The University of Southampton

How does it work?

How a cochlear implant works

Please click on the video for a description of how a cochlear implant works. For subtitles click on the settings icon settings picture

 

Copyright Cochlear Limited ©
Copyright Cochlear Limited ©

A cochlear implant bypasses the parts of the ear that no longer work properly by sending signals directly to the hearing nerve.

1. A Microphone on the speech processor (worn on the outside) picks up sound and then converts it into a digital signal.
2. The signal is then transferred via an FM signal from the coil (attached to the head via a magnet) to the implant just under the skin.
3. The implant then sends the signals through the electrodes which have been inserted into the cochlea.
4. The electrodes pass the signal to the hearing nerve fibres in the cochlea and then the signal is passed up to the brain, giving the sensation of sound.

A cochlear implant has to transfer a very complex set of information.  It needs to provide the wearer with knowledge of:

  • the frequencies of sound present (pitch) measured in Hertz (Hz)
  • the levels of sound present (loudness) measured in Decibels (dB)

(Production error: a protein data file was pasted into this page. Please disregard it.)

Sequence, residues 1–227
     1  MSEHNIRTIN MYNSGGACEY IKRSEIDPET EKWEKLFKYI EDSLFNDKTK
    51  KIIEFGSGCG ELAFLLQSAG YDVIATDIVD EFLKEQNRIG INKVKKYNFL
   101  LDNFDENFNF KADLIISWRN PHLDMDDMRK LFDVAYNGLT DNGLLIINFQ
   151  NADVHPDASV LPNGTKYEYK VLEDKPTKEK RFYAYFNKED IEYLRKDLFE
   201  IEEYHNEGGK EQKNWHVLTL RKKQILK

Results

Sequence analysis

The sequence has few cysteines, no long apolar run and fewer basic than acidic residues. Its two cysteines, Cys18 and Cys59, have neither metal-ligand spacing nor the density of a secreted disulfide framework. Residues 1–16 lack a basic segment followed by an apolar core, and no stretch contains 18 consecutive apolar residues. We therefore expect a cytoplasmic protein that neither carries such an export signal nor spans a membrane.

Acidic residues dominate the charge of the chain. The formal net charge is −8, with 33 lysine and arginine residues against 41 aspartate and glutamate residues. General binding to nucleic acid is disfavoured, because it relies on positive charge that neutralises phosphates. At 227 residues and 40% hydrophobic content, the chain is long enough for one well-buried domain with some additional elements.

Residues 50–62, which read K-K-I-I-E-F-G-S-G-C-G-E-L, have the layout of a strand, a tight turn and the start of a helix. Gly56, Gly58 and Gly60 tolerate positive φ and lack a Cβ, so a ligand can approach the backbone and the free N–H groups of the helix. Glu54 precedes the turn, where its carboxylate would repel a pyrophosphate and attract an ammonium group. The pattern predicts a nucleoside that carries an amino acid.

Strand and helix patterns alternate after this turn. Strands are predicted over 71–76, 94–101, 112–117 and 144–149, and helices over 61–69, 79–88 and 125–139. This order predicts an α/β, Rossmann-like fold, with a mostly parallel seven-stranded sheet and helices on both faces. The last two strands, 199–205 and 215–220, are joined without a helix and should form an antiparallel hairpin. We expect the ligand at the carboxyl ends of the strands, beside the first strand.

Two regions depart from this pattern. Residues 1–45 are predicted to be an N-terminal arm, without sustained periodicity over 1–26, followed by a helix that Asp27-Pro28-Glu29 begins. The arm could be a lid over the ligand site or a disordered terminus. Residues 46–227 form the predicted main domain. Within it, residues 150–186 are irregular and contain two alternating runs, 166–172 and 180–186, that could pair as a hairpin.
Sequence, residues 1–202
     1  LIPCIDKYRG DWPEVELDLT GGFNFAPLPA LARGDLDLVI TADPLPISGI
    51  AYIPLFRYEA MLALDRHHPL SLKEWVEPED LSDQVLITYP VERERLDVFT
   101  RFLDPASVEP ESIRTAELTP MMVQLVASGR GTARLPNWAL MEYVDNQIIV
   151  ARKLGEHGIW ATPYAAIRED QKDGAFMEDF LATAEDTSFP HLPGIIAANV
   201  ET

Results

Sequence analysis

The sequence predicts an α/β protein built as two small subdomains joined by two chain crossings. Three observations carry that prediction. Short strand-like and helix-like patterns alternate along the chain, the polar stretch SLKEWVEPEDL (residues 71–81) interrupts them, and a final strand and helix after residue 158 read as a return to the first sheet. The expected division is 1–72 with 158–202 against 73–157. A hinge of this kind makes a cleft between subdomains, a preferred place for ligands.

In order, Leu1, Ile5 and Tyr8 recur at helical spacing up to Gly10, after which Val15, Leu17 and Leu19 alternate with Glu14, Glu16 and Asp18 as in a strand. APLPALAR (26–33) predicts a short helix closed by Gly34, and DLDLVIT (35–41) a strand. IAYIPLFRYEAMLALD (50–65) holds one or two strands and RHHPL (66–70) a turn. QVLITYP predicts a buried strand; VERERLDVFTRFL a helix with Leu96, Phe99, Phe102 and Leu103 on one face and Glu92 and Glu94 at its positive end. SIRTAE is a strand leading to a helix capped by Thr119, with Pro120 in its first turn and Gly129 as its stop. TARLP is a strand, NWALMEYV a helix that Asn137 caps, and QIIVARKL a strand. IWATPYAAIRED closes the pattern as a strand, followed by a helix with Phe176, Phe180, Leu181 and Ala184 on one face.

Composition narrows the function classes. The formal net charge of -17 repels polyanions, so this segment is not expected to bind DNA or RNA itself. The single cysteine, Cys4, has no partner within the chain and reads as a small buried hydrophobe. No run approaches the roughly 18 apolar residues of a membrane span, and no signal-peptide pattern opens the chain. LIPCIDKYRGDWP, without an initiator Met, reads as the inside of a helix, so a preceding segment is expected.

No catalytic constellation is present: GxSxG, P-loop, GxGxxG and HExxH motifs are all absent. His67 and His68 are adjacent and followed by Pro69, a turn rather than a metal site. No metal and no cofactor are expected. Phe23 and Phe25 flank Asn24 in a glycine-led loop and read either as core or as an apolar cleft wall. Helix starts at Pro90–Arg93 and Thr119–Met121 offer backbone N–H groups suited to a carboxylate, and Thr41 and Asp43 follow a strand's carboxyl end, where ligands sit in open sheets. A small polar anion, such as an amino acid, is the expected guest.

• the timing of the different sounds (temporal information).

There is a huge range of sounds in our environment, ranging from quiet, high pitched sounds like bird song or rustling leaves, to louder and broader sounds like music and traffic noise.  The human ear can hear pitches of sound ranging from 20 – to 20,000Hz.  It can hear a range of loudness from 0 to 120dB.  It does this using around 15,000 cochlear hair cells and functioning nerve fibres.

Cochlear implants have between 12 and 22 electrodes to convey sound and so they are providing a significantly reduced amount of information compared to normal hearing.  A visual interpretation of this could be a very blurred picture compared to a picture presented in high definition.

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It is amazing how anyone can hear with such reduced information.  The brain does an amazing job at interpreting this crude signal and, with time to adapt, patients can often hear very well with a cochlear implant.

For more information read ‘What Cochlear Implants Can Do

 

 

Key concepts

  1. What is a cochlear implant?
  2. How does it work?
  3. Who should have a cochlear implant?
  4. What does a cochlear implant sound like?
  5. Who manufactures cochlear implants?